Lately, an additive and very important mutant p53 function has been documented. Rapid cell proliferation produces high levels of ROS, which may dampen cell membranes, proteic structures and DNA inducing apoptosis. Mutant p53, as previously seen, can constitutively stimulate genes involved in antioxidant cell response. The greater response to the activation of these genes is the synthesis of molecules able to neutralize ROS, such as glutathione (19). Yogev et al. demonstrated that in MYC-driven neuroblastoma, the acquisition of p53 mutations can greatly worsen the prognosis of patients affected, and this feature can be mainly due to metabolic changes in tumor cells. In fact, Synergistic effect of Myc protein and mutant p53 strongly up-regulates the GSH (Glutathione S transferase) family, such as Gstz1 and Gstp1, resulting in an increased intracellular pool of glutathione. This characteristic not only preserves tumor cells from oxidative-stress-induced damage, but also favors the resistance to ionising radiations. Up-regulation of GSH strongly predisposes to chemo and radioresistance and not only in Myc-driven neuroblastoma, but also in other solid tumors and it can be due to p53 missense mutations (20).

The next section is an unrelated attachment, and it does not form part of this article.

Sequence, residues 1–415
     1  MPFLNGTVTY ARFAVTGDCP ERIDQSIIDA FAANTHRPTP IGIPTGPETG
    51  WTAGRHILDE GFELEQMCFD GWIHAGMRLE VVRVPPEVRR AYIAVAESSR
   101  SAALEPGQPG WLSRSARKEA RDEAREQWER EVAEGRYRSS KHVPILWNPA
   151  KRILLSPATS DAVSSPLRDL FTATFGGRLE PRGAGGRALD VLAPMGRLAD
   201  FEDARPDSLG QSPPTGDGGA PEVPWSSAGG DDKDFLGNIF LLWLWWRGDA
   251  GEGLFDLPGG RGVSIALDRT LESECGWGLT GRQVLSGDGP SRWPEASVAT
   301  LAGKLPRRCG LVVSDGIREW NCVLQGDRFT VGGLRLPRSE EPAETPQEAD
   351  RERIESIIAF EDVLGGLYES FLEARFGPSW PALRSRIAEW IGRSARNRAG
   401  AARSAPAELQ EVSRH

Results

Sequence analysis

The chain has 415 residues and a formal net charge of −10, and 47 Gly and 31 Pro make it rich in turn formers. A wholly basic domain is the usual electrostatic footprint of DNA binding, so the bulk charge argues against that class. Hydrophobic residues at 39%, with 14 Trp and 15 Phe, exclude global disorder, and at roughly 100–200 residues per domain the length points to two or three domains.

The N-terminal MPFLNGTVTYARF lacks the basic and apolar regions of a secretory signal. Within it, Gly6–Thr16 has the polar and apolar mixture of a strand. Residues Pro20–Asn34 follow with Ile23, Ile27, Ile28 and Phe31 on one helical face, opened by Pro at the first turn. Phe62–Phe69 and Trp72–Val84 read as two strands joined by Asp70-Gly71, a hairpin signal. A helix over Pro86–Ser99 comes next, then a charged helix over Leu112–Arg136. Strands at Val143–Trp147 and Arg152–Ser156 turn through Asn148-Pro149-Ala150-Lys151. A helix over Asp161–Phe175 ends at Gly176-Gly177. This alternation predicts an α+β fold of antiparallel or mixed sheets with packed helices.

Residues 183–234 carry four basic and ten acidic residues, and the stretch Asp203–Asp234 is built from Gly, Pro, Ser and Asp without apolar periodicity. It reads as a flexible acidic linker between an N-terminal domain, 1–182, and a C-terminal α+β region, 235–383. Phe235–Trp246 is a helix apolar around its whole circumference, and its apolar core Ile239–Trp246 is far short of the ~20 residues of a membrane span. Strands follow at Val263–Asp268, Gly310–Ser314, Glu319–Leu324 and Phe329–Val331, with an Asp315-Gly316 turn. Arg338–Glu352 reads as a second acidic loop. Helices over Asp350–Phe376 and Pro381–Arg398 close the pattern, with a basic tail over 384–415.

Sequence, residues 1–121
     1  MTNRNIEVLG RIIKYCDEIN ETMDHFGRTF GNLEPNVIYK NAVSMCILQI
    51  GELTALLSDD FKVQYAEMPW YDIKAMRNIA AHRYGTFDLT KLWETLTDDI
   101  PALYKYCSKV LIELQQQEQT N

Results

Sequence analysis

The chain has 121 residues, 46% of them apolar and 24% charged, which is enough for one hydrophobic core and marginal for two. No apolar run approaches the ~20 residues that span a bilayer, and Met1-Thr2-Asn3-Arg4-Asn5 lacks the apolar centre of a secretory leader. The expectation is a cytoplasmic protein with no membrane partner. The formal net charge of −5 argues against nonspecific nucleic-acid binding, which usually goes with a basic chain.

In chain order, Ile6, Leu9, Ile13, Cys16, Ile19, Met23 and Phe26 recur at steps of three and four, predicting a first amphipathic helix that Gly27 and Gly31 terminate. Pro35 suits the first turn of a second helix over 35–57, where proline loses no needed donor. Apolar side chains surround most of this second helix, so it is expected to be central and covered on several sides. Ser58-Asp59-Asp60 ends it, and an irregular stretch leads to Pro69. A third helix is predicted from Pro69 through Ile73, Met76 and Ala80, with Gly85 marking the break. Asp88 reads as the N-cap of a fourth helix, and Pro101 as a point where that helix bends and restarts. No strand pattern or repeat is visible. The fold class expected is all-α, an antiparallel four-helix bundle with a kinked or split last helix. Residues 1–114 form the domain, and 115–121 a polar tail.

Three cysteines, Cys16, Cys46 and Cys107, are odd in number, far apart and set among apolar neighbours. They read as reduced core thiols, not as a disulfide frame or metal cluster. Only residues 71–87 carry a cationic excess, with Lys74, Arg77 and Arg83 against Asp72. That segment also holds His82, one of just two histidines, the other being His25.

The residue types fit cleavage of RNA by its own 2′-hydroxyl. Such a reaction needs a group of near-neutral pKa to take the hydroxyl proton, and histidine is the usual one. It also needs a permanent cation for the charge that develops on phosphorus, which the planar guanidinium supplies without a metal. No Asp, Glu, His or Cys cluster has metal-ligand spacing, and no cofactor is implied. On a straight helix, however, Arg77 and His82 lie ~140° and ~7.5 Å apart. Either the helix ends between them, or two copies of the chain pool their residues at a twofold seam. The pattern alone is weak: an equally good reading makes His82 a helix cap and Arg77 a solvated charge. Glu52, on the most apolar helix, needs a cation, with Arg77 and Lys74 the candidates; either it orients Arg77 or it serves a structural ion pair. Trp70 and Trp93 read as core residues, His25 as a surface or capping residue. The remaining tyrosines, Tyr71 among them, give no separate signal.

Conclusions

It has long been speculated that the main mechanism through which mutant p53 leads to cancerogenesis involves its impaired capability to arrest cell cycle, promote DNA repair and apoptosis in response to oncogenic stimuli. Nevertheless, p53 also regulates cell metabolism and oxidative status in response to stress. Mutant P53 is able to provide the cancer cells of energy supplies and antioxidants, thus favoring their proliferation and resistance to chemotherapeutics drugs and ionizing radiations. A possible new approach to the p53-driven tumors may be to deplete cancer cells of their energy reserves and antioxidants.


Acknowledgements

None.


Footnote

Conflicts of Interest: The author has no conflicts of interest to declare.


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Cite this article as: Perri F, Pisconti S, Della Vittoria Scarpati G. P53 mutations and cancer: a tight linkage. Ann Transl Med 2016;4(24):522. doi: 10.21037/atm.2016.12.40